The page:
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February 09, 2005

Review: Young Frankenstein

Young Frankenstein

I want to love Young Frankenstein; in fact, I want to love many of Mel Brooks' movies. The idea of films in the manner of celebrated genres that nostalgically use the tropes of vaudeville humor appeals to me.

The problem is, they just don't make me laugh. I mean, I watch one, and I see what's supposed to be funny, but it's just not in me to laugh at it. This reminds me also of movies like Best in Show or A Mighty Wind: intellectually, I'm watching them thinking, "that was actually pretty funny", but I'm not actually laughing.

I mean, take Marty Feldman: one look at the guy, and I should be heaving out great guffaws. He just has that kind of face. Couple that with a roving hunch on his back and some good punchlines, and you'd think I'd be rolling on the floor.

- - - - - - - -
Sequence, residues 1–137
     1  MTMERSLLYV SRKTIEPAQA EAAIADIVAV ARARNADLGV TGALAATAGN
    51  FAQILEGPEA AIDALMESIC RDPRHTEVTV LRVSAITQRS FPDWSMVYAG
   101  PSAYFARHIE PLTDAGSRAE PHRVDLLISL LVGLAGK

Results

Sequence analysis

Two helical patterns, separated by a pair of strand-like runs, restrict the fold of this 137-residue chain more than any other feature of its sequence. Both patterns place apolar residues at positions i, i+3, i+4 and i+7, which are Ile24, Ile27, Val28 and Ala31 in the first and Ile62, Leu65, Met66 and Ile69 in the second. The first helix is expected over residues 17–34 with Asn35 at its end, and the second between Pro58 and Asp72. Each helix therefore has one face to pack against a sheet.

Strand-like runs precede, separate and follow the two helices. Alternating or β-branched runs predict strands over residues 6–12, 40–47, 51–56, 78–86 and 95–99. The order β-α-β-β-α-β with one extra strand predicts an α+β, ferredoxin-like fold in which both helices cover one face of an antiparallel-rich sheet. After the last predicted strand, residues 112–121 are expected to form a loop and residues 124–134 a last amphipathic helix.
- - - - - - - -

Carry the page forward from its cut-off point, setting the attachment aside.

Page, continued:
After seeing Gene Wilder the other night in Bonnie & Clyde, I had a hankering for more of Gene Wilder¹. (As it turns out, I got more of two Genes, as Gene Hackman also had a small role in Young Frankenstein.) And while I got some enjoyment out of Gene Wilder as the grandson of the mad Dr. Frankenstein, there were only a couple of places where I even chuckled.

Everything was there -- the timing, the jokes, the off-kilter story -- and yet, it just didn't do it for me. It wasn't bad comedy, it just didn't connect with me.

** (out of four)

¹Call me strange. I don't know why. I just felt like seeing more of Gene Wilder. He has this sort of wide-eyed innocence about him, like he's not sure why misfortune befalls him, and he sort of makes his way through it, befuddled.

Posted by Brett Douville at February 9, 2005 10:48 PM

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